During recent regulatory exams, the SEC detected several issues with investment advisers’ fee calculations.
The SEC wants to see that firms have:
- Adopted, and are following, policies and procedures that adequately address fair and accurate charging of fees; and,
- Disclosed their fees with clarity for their clients.
Of the approximately 130 Firms that were examined, the SEC noticed that many had deficiencies including with regard to:
- advisory fee calculation errors;
- overbilling clients;
- inaccurate calculations of tiered or breakpoint fees; and,
- unfair charges for terminated accounts.
WHAT DID THEY FIND?
Inaccurate Advisory Fee Calculations
- The wrong percentages were used to calculate advisory fees, fees were double-billed due to lapses in oversight, breakpoint rates were not properly accounted for, householding of client accounts were not correctly calculated; some family accounts were not properly aggregated, and account were not valued properly.
Unfair Termination Practices
- Advisers did not pro-rate or refund accounts that terminated in the middle of a billing cycle: refunds of unearned fees were inconsistent, and clients were improperly required to provide written requests for refunded advisory fees
False, Misleading, or Omitted Disclosures
- Form ADV Part 2 disclosures did not reflect: current fees charged, whether fees were negotiable, and how fees were calculated and billed:
- Cash flows and their effect on fees
- Timing of advisory fee billing
- Valuation for fee calculations
- Minimum fees, extra fees, and discounts
Missing or Inadequate Policies and Procedures
- Advisers did not maintain written policies and procedures addressing advisory fee billing, monitoring of fee calculations, and billing, or both: Policies failed to specifically address fee calculations and material advisory fee components including how to value illiquid assets
Inaccurate Financial Statements
- Advisory fees were inaccurately reflected in financial statements: such as not recording all advisory fee income, administrative fee revenue, and compensation expenses in general ledgers and on financial statements, using a cash basis of accounting but preparing financial statements on an accrual basis of accounting.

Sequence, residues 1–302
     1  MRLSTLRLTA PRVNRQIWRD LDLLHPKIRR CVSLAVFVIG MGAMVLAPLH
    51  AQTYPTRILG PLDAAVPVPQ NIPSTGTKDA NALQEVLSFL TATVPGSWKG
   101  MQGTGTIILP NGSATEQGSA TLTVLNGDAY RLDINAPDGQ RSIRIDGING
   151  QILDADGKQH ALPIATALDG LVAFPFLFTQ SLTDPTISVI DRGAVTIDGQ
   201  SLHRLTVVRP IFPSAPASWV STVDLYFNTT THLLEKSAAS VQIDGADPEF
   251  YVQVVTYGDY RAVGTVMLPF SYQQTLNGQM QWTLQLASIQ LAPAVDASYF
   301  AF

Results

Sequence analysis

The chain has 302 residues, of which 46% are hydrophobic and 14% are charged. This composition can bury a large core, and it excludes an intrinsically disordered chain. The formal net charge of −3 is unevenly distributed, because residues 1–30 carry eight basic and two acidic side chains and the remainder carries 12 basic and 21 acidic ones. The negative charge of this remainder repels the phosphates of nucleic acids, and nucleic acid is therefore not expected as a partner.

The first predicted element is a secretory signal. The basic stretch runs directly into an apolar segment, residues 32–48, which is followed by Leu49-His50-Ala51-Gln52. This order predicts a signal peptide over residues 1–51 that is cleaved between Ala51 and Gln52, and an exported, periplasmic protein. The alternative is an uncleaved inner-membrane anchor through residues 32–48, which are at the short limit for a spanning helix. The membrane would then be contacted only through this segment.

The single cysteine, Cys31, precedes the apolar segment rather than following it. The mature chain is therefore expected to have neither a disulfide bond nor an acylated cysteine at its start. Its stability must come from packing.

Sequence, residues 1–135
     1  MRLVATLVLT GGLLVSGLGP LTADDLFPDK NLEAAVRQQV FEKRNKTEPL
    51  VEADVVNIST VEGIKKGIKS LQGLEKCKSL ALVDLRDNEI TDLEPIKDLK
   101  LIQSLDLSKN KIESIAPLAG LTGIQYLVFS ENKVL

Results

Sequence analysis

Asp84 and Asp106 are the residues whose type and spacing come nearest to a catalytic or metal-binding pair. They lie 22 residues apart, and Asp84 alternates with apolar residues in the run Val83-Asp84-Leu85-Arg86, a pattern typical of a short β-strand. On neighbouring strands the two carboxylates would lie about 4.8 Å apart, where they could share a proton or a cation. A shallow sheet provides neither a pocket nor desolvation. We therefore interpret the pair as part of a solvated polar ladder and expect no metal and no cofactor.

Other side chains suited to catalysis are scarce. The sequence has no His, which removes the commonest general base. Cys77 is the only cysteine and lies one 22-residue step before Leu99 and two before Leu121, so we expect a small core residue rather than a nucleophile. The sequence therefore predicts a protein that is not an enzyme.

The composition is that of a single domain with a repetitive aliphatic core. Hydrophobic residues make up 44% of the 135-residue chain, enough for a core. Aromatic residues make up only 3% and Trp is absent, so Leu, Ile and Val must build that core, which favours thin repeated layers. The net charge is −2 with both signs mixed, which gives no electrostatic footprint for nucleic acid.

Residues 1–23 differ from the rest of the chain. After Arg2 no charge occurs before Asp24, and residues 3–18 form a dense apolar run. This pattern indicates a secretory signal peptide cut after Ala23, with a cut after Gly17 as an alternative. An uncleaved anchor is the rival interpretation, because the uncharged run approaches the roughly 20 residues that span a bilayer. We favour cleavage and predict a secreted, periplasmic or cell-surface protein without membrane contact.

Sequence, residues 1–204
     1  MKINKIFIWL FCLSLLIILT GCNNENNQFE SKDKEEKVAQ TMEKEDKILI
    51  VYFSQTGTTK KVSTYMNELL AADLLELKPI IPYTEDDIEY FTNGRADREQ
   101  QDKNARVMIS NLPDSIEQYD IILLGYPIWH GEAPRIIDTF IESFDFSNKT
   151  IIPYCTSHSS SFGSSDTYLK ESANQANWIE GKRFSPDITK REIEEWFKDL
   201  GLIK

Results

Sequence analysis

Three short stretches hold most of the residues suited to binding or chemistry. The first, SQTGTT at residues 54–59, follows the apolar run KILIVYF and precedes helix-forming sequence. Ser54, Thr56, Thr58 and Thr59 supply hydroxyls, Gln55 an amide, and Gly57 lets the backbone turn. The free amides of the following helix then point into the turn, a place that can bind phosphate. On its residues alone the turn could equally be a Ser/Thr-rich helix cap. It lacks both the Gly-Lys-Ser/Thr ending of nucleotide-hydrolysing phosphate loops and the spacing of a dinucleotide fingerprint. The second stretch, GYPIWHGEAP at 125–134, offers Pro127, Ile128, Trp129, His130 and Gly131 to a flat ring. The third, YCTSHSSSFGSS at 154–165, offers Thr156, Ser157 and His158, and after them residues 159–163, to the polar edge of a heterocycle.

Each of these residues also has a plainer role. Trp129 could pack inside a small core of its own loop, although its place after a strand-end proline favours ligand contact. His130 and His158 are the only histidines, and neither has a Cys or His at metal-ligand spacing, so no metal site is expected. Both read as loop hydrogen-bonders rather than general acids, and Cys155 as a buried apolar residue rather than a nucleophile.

Other SEC Observations regarding adequate industry practices-
The SEC noted that advisers who had fewer billing errors in these areas had:
- Adopted and implemented written policies and procedures addressing advisory fee billing processes and validated fee calculations.
- Maintained a centralized fee billing process and were consistent with their procedures, contracts and disclosures.
- Utilized checklists and other methods to reconcile fee calculations
- Maintained proper recordkeeping for all fees and expenses
WHAT DOES THIS MEAN FOR ME?
The SEC projects that fee calculations and billing have been, and continues to be, an area that requires routine review during examinations. Fairview Investment Services provides routine testing and evaluations of adviser practices to ensure firms are remaining compliant with SEC regulations.
If your firm requires assistance with understanding and staying up to date with SEC regulations, Fairview can help. We can help firms register with the SEC and support registered investment advisers by creating and implementing comprehensive, sustainable compliance programs with the help of our in-house regulatory experts. Contact us today for more information about our services.